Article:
The costs of running the UNDU are huge. There are three guards for every accused at this point in time, and it costs over 300 euro per accused per day. The director said that he doesn't know the exact figure but that he was confident saying it was high above that. As the UNDU is rented from the Dutch, the UN must pay a flat monthly rent including all of the services and personnel the UNDU uses. However, despite the intern rumor mill, things are not as cushy for the accused as I thought. They do get to order food out, but they have to pay for it themselves. The UN gives each accused 15 euro per week, but that's it. Other than that, they get three square meals and a snack each day. But no more. The vast amount of money spent for each accused does not go directly to them, but is wrapped up in the bureaucracy of the necessary facility.
After the presentation, we went on a tour of the building. First, we were shown the visiting rooms where several accused had guests. They are monitored the entire time, but each accused can have seven days of visitors per month. The director said that part of this is due to the great distance from the Balkans that family and friends must travel to visit, but also due to the age of the accused it would be very difficult on them to separate them further from their loved ones.
Second, we were shown the conjugal visiting rooms. Yup, conjugal visiting rooms. No one was using them, thank goodness. And none of the interns stepped inside. But we saw the twin-sized futons and the table and two chairs. It is the only place in the UNDU that is not monitored, so not only is it used for its name, but also for private visits with entire families and for meetings with attorneys.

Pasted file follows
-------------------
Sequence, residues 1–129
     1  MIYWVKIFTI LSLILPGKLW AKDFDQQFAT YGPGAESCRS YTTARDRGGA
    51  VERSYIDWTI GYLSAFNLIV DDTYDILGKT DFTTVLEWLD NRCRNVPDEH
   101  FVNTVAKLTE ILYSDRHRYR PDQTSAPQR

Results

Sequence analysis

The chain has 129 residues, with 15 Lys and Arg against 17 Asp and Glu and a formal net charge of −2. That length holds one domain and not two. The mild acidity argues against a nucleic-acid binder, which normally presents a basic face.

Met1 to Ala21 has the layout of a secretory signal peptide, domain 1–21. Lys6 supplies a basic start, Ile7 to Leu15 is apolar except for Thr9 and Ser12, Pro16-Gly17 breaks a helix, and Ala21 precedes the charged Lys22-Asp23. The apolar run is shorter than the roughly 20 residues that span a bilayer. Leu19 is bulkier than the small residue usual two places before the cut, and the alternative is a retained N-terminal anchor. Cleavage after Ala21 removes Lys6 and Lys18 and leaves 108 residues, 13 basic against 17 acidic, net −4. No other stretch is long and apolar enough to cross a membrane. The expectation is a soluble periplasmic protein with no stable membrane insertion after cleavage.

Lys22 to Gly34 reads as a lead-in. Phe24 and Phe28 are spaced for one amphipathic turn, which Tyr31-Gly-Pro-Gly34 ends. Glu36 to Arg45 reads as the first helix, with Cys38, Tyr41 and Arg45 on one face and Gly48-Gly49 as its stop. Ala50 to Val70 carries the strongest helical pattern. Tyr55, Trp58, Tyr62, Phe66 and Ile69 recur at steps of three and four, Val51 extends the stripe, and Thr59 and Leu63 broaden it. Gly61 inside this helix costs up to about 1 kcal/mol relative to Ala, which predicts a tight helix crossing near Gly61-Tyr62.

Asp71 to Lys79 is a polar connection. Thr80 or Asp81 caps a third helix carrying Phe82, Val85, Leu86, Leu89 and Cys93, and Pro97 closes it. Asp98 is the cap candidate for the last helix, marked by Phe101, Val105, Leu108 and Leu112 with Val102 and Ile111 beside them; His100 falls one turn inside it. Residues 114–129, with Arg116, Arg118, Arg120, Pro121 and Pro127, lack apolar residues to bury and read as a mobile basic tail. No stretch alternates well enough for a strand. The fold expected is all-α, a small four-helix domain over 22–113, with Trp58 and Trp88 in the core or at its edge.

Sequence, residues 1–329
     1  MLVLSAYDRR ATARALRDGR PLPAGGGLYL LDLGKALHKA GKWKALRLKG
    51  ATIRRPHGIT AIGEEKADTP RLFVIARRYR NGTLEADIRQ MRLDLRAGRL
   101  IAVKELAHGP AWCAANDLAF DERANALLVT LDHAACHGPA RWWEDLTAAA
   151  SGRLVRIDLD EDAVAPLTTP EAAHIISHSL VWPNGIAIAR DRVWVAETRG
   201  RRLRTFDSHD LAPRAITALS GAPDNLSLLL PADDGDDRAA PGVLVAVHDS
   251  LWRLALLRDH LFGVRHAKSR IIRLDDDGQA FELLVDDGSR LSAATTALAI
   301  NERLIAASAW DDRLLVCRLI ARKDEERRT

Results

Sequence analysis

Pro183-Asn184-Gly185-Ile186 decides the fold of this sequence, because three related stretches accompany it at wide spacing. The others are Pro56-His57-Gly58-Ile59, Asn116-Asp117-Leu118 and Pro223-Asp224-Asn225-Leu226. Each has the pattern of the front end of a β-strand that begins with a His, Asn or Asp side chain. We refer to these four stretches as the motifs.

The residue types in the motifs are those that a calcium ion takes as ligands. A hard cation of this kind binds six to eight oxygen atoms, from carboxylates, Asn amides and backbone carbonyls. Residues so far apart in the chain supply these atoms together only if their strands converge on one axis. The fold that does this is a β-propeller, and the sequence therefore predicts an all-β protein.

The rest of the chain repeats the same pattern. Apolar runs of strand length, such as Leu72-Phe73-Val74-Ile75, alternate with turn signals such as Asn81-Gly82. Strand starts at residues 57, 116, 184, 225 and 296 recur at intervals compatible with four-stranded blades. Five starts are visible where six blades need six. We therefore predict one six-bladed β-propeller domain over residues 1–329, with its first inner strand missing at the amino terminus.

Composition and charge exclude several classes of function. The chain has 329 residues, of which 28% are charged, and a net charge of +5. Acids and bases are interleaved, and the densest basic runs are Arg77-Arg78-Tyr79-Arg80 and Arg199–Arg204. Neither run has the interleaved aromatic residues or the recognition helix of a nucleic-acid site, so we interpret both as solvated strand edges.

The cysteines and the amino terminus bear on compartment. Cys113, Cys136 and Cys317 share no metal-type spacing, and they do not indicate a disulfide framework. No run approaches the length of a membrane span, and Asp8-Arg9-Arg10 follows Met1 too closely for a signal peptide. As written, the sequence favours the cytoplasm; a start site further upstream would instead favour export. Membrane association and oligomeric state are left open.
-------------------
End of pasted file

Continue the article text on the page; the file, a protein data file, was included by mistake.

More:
Third, we saw the art studio. It was really interesting to hear that some of the accused really dedicate their time to developing something beautiful. I wonder if it's a way to try to give back after doing such horrible things, or just a way to fill up the time. There were gorgeous paintings of flowers on the wall, and an interesting in-progress painting of a Balkans pastoral scene on a work table, as well as numerous pottery pieces.
Fourth, we went up to the gymnasium facilities. The accused are given roughly one hour per day of gym type and one hour of fresh air when they can go outside. Inside, there were weights, cardio equipment, and a full court with basketball nets and soccer goals. Out the window we could see the volleyball/tennis court where five or six of the accused were taking turns playing tennis. Shirtless. All of them. In the Netherlands. It's not that hot here. Definitely an unwelcome surprise. Especially as one of the players was Popovic, the lead appellant on my case Popovic et al. Not what I wanted to see before I go into court next Tuesday for our status conference and see him and all the other appellants in suits with their attorneys. But at the same time, the UNDU is their home. The average stay is seven years for an ICTY accused there. They have to make it their home as much as possible.